Making a TEXT-MODE Game

In the beginning of this month, I participated in my first 7-day rogue-like jam (7DRL for short) and released Echo Chamber, a turn-based game where you combo different spells while traversing a dungeon. Mafgar assisted with all things audio and I used a tile set called mrmotext by Mrmo Tarius.

This was the first time I made a game using a style known as text-mode. The idea is that you have a fixed tile set and you can only use those tiles to compose the graphics on the screen. While this may seem restrictive at first, it allows for creativity in deciding what tiles should be used to effectively depict something.

Disclaimer - I didn’t stick to just one tile set for Echo Chamber (for example, I did all the characters myself), but the majority of the tiles were from one single tile set.

Let’s say I wanted to draw a 64x64 wizard using the text-mode style. I start with a base set of tiles, such as this one from the Commodore-64.

I take this tile set and import it into my preferred tile set editor. I personally use Godot since I’m already familiar with the workflow. It’s easy to rotate, flip, and copy tiles.

For this example, I’m using the tile set, mrmotext by Mrmo Tarius, which is also the tile set I used in the game.

I create my image by drawing tiles one at a time, flipping and rotating them as needed.

One of the drawbacks of using Godot to draw an image with tiles is that you cannot color tiles individually. So what I do is take a screenshot of the image and then paste it into Aseprite.

Once in Aseprite, I apply a grid and then manually color in each tile.

This was my approach for most of the graphics in the game. I should mention that there are dedicated tools for this art style like Playscii and lvllvl, which have more support for things like coloring in individual tiles.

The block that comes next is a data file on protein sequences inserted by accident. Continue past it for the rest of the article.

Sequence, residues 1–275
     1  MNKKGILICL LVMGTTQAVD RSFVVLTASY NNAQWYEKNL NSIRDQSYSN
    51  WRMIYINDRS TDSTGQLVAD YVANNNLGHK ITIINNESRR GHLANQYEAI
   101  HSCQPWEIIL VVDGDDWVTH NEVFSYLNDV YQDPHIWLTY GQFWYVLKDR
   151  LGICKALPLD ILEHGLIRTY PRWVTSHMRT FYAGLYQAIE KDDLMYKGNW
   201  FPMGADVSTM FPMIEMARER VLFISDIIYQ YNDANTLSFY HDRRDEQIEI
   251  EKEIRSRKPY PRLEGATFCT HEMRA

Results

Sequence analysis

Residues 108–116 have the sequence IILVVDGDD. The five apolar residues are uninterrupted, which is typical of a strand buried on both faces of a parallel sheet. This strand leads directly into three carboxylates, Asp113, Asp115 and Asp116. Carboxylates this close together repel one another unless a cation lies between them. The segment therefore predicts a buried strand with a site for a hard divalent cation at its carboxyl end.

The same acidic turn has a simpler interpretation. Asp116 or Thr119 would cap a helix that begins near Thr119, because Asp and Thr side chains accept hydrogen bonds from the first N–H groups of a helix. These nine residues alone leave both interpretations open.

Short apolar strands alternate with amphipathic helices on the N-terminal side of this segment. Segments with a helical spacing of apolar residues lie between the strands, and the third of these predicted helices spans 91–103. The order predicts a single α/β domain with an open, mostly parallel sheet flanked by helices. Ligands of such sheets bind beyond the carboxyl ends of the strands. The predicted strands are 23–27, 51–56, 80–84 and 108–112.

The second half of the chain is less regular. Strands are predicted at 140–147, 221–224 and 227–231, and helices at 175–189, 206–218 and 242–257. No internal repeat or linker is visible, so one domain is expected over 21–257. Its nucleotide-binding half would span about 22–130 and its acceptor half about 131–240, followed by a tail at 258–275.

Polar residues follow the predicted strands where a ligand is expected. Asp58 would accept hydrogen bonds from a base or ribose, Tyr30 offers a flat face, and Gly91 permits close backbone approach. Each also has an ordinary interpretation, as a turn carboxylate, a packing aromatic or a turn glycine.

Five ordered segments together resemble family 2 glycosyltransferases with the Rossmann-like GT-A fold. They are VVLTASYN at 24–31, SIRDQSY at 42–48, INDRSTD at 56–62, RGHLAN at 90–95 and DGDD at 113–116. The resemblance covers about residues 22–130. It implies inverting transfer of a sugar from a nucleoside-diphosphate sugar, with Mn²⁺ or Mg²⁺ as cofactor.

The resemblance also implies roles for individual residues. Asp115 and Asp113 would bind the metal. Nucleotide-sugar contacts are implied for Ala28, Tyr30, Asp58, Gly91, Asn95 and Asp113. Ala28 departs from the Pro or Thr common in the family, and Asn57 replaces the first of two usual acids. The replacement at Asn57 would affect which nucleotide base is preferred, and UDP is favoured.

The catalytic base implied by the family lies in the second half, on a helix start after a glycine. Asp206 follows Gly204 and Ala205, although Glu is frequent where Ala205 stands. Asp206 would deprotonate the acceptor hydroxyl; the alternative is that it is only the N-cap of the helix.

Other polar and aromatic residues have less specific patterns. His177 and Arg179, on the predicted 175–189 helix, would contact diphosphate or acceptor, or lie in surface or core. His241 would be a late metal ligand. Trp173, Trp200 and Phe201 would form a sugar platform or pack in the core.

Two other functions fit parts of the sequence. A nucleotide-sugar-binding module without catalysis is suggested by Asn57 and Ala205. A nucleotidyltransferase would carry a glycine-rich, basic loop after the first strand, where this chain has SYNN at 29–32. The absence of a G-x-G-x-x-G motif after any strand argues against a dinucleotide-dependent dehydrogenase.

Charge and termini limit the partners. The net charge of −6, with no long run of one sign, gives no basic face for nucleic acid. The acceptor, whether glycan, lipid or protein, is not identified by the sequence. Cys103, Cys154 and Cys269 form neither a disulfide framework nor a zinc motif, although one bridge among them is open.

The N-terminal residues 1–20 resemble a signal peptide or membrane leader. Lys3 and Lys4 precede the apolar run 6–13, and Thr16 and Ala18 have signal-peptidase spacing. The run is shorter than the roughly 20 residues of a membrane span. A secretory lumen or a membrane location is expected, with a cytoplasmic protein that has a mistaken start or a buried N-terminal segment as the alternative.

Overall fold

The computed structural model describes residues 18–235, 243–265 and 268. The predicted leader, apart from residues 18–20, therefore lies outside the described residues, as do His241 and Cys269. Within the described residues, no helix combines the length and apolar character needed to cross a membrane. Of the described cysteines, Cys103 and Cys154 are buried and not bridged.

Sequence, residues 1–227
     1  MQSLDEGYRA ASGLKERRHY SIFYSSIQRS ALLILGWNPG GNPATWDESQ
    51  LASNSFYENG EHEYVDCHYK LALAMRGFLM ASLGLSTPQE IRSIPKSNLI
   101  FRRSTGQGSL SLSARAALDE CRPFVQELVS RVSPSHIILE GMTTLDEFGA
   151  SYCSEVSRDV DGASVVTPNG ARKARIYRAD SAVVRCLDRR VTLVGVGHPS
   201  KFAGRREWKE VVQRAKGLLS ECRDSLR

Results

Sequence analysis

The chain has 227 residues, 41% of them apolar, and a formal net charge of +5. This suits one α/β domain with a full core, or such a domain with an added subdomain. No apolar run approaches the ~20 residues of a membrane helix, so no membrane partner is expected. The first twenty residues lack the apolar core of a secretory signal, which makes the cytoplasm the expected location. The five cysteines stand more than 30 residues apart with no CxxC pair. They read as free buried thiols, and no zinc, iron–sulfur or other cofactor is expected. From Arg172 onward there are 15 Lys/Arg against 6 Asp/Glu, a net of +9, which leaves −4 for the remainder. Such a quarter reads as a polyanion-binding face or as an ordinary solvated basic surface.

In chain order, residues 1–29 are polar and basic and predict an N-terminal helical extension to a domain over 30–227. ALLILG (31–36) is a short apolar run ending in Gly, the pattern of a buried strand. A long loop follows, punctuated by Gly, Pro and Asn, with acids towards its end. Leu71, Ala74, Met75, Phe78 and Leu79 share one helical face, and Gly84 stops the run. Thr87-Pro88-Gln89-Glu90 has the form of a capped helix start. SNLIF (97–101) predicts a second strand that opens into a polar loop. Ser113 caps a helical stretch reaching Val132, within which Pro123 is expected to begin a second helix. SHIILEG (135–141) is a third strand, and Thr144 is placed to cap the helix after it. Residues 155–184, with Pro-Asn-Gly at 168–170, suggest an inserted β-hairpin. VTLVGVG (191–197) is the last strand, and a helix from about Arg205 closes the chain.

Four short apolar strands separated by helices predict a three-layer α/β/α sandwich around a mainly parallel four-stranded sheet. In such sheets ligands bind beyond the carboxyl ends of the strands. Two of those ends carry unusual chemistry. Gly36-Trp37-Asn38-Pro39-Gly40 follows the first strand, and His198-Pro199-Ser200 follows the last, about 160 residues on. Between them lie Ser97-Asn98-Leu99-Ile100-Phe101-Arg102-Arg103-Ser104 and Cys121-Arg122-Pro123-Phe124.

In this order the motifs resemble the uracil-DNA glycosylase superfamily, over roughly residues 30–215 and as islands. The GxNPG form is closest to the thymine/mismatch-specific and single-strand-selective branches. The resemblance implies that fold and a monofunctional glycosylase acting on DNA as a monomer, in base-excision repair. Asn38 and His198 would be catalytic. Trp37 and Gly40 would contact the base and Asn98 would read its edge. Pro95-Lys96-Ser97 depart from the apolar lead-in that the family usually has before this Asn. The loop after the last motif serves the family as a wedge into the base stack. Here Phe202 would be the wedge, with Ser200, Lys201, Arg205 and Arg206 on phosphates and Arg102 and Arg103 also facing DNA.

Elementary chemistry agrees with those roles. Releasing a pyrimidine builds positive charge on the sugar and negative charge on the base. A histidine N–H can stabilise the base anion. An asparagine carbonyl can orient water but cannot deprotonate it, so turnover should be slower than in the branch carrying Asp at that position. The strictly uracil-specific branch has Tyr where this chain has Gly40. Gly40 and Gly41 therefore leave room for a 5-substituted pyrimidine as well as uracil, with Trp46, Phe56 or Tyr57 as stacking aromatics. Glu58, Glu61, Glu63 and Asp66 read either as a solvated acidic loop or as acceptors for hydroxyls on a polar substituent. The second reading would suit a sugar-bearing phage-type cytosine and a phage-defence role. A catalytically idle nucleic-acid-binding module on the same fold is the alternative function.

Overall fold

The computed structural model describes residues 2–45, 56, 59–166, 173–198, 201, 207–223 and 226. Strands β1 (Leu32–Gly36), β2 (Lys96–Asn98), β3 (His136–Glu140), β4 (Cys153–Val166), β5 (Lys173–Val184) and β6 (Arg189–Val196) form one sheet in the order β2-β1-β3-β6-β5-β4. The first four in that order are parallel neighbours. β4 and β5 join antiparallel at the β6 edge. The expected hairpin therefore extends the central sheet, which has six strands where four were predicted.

I enjoyed working within this art style for several reasons. For one, using tiles naturally looks good in video games, which have historically been tile based due to limitations in hardware. Using tiles today even though you don’t have to can be considered an artistic choice that also has a nostalgic feel to it.

Text-mode specifically is borne of limitations based on the tiles that you have. You won’t always be able to find the “perfect” tile for the corner or edge that you need, so you use something close and that naturally creates an imperfect look. But the sum of these slight imperfections creates its own unique look.

Another advantage of the text-mode style is that someone who isn’t great at pixel art can still create something interesting looking. My pixel art ability isn’t the best, but by using an existing tile set to depict things, I can be creative within that tile set without being limited by my pixel art skills.

One of the downsides of the text-mode style is that it can be time consuming to create each piece. Particularly, coloring in individual tiles takes lots of time. I was fortunate to work in a relatively low resolution, but if I worked on a game that was much larger, I would imagine that creating lots of assets would take a long time.

Despite this, I would absolutely work in text-mode again in the future. In fact, I feel inspired to create my own unique text-mode tile set for a specific game. I think that would be a really cool way to inject the personality of that game into its tile set because the tile set would be designed around the game’s particular aesthetic, similar to creating a unique font for a specific game.

Favorite Things

Book - Steal Like an Artist. Ironically, I stole this book because my friend sent me a pdf of it. The summary - as an artist, steal the things you like unabashedly. Every great artist was influenced by those that came before them, so you should do the same. Every great research paper cites other papers. Every great game has taken pieces of games that came before it.

Game - Anodyne 2. A beautiful game that ties in both 2d zelda-like dungeon crawling with nostalgic PS1 third person exploration. The thing that caught me most off guard was the Earthbound level of humor in the dialogue. It has it all.

Location - Antigua, Guatemala. In an impulse decision, I spent a week in Antigua, Guatemala learning Spanish and it was the highlight of my travels for the last month. A beautiful city surrounded by volcanoes and filled with some of the kindest people I have met.

This blog will continue to change form as I figure out the best way that I’d like to go about it. Hope you have a wonderful day wherever you are.

Jon

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